The integration into American society of the German Jews who came here as refugees from Nazism took place with a speed and thoroughness unparalleled in the history of immigration. Nevertheless, like all immigrant groups, the German Jewish newcomers of the 1930’s developed in the process a distinctive social coloration: Ernest Stock tries here to describe it, with special reference to the Washington Heights section of New York, named by the German Jews themselves (with somewhat heavy-handed jocosity) the “Fourth Reich.”
At a party given by a New Jersey Jewish community, a Princeton undergraduate mentioned that he knew Professor Einstein. “Tell me,” one of the community leaders asked the young man, “is Einstein as conceited as the rest of the German Jews?”
The undergraduate happened to have come from Germany himself; and he could not help wryly reflecting upon how many disparaging remarks about “those German Jews” he had been subjected to. They are “conceited,” they “stick together and won’t mix with the rest of us,” they are “arrogant,” they are “schemers,” they are “mercenary”—a long list of accusations sounding not too much unlike the ideas about Jews generally harbored by anti-Semites.
In part, this attitude undoubtedly stems from the fact that the old-established Jews in Germany have a long record for looking down their noses at Eastern European Jews, whose kin and descendants now make up the bulk of the American Jewish population. One young German immigrant said flatly, “They have never forgiven us for July 1938.” He was referring to the Nazi deportation of Polish Jews to the No Man’s Land between Germany and Poland—a measure which some of the native-born German Jews regarded with apathy and even, it has been said, with a certain feeling of relief at its affecting “only the Polish Jews.” Needless to say, this particular speaker was oversimplifying the matter; and most American Jews are, of course, happily unaware of the details of this and similar episodes.
There is, it is said, a small minority of the new immigrants who even here still persist in being contemptuous of Eastern European Jews. Some especially, who left Germany in the early days of the Hitler regime under no personal duress and with most of their property intact, expected that they would be readily accepted in “Aryan” circles here. When their hopes were disappointed, they made no real effort to find an entry into American Jewish circles, and haughtily confined themselves to their own group.
But among the post-1938 immigrants a decidedly different attitude prevails. They never deluded themselves that they came by choice, that they did not have to emigrate. It is true that many of them, too, were disappointed when they encountered social barriers between Jews and Gentiles: they had expected to find American society equalitarian in every sense, and it came as a shock to discover how much it is a series of rather tight ethnic enclaves. Although Jews in pre-Hitler Germany were organized in legally constituted religious communities (Gemeinden), the social relations of the German Jew were by no means restricted to his fellow Jews; German Jewish professionals frequented the homes of other German professionals, whereas, in New York, Jewish doctors and lawyers tend to visit the homes of other Jewish doctors and lawyers. But as the newcomers became more aware of the structure of American society, the initial disappointment lost significance, and they were more and more ready to seek the company of American Jews without inquiring too closely as to what side of the river Oder they came from.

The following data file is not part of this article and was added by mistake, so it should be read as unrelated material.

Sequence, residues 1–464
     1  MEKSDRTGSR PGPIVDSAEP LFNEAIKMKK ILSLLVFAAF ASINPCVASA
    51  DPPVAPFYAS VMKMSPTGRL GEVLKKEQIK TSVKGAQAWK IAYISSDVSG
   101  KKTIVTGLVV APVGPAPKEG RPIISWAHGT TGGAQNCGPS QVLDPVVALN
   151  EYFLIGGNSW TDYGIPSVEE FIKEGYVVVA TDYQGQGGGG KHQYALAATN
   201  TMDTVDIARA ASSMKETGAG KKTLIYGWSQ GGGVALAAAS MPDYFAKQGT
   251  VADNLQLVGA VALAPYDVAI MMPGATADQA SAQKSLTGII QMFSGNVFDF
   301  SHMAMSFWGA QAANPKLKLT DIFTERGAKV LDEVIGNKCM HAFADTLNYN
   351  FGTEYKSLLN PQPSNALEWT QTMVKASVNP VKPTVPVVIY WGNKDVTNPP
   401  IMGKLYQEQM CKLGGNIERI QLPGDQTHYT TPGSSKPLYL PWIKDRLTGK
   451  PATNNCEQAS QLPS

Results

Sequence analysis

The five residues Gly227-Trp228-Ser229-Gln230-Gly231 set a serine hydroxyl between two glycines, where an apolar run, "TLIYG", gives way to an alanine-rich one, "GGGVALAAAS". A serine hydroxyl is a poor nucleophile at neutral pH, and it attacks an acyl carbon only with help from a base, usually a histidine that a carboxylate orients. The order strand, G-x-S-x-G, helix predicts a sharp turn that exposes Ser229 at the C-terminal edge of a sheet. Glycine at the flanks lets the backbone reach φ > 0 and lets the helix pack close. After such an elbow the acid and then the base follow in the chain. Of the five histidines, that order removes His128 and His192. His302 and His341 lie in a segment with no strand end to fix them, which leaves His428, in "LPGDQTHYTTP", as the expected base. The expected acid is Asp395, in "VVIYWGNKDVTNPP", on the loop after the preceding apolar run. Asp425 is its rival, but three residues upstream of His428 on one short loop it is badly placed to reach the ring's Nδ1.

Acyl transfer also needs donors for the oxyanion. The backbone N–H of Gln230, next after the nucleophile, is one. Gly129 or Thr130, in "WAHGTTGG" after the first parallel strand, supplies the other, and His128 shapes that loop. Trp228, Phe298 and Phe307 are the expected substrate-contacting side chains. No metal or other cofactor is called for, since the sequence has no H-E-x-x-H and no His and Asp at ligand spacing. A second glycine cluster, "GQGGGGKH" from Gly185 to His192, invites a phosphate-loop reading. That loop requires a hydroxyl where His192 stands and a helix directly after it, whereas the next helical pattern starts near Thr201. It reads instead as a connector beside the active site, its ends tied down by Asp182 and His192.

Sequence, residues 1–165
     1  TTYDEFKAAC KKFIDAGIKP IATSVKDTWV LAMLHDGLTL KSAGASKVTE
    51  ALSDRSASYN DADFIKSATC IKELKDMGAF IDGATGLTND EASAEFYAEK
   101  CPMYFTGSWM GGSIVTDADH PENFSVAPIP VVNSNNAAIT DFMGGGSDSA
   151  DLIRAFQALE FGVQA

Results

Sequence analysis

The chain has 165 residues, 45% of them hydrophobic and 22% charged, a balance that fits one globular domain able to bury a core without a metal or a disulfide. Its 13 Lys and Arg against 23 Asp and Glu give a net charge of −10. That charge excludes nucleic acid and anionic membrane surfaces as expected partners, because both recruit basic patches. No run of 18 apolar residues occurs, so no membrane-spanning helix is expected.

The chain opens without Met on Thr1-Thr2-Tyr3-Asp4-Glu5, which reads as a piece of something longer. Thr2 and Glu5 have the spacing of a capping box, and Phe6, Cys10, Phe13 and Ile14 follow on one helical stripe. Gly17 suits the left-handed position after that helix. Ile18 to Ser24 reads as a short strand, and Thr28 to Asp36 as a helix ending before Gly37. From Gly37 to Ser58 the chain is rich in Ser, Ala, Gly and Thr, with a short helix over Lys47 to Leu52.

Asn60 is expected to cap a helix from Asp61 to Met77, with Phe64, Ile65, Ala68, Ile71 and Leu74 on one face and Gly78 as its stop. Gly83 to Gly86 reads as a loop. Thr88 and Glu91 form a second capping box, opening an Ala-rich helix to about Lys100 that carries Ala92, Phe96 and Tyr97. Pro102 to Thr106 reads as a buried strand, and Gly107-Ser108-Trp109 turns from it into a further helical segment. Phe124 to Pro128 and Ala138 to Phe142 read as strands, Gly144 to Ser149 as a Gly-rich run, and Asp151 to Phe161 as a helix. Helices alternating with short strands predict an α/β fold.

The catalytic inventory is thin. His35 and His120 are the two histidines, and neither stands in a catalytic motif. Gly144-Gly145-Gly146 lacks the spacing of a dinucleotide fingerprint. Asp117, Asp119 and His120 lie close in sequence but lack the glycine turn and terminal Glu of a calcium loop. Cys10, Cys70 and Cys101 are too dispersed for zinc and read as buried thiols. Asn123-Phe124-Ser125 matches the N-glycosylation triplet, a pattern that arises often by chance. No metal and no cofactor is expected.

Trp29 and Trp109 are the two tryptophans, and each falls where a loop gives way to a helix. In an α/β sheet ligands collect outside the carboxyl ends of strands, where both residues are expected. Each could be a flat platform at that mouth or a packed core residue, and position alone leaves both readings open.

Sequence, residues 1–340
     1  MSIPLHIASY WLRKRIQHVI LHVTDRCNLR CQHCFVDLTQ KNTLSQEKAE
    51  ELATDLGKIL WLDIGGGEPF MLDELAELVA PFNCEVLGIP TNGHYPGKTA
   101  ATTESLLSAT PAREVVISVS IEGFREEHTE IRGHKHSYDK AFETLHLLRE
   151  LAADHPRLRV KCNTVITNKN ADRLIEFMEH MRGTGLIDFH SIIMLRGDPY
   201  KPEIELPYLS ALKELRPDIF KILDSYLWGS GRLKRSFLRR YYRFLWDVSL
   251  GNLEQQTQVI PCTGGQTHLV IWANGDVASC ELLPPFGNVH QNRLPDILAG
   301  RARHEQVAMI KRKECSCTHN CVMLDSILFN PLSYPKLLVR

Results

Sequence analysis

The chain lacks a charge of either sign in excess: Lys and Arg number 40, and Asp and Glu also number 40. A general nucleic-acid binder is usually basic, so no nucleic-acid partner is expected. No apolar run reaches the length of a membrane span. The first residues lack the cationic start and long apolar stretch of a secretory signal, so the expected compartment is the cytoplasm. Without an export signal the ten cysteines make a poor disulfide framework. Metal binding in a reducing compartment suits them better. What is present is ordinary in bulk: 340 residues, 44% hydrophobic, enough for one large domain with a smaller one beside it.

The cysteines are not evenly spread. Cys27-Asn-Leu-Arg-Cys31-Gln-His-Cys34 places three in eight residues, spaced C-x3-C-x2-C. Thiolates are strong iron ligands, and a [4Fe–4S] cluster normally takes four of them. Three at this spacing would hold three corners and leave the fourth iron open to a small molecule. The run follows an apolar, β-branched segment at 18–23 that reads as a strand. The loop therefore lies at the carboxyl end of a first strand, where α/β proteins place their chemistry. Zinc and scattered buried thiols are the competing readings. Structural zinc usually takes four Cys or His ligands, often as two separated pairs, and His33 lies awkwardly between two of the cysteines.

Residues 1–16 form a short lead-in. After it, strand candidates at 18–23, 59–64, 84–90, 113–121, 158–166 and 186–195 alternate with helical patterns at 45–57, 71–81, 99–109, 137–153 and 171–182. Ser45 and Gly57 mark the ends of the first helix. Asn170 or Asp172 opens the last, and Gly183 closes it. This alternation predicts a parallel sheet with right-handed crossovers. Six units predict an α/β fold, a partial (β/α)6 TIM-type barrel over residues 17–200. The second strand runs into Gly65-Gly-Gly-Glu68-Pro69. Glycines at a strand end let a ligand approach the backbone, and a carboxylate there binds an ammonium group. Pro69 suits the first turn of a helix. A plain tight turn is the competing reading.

There are, finally, the relatively few survivors of the death camps, and those who spent the war years in such places as Shanghai, living on the generosity of the American Joint Distribution Committee. These people identify their fate with that of Jews from Eastern Europe, and some now feel closer to the Eastern Jews than to their former countrymen.
But varying dates of arrival constitute only one differentiation in the many-stranded make-up of what is called the German Jewish group. (Incidentally, the expression “refugee” from the lips of an American has a most distasteful sound to the immigrant; nevertheless, the word is freely used by the immigrants themselves—almost all of them by now American citizens—when they refer to one another. In its English form, it has become a part of their German vocabulary.) One of the most trenchant distinctions is that between the Germans and the Austrians. The Austrians refer to the Germans as “Yeckes”; for the Germans the Austrians are simply “die Wiener.” The gulf between the two groups is very wide. They have their separate clubs and congregations, and their members rarely mix socially. They don’t even live in the same neighborhoods. In New York, where perhaps two-thirds of the immigrants are concentrated, the main Viennese districts are midtown Manhattan between 72nd and 96th Streets and some sections of Queens. The Germans, for their part, have moved en-masse to the uptown section of Manhattan known as Washington Heights, settling in an area that lies, roughly, between 160th and 180th Streets and west of Broadway, and that the immigrants themselves have dubbed “das vierte Reich.”
The Jews of Washington Heights constitute the solid core of the wave of immigration from Germany. It is difficult to say exactly how many of them live there, but the circulation department of the German-language weekly Aufbau, which is read in almost every German Jewish family, reports that it sells some 6,000 copies in the area. If the average family has four members, an estimate of 25,000 persons might be fairly accurate. This constitutes about 20 per cent of the 129,582 persons admitted on immigration visas from Germany and Austria between 1933 and 1944,1 but it may be assumed that an additional ten or fifteen thousand arrived during those eleven years on vistors’ visas and later received permission to remain permanently. (Since 1944 the influx of German Jews has been negligible.)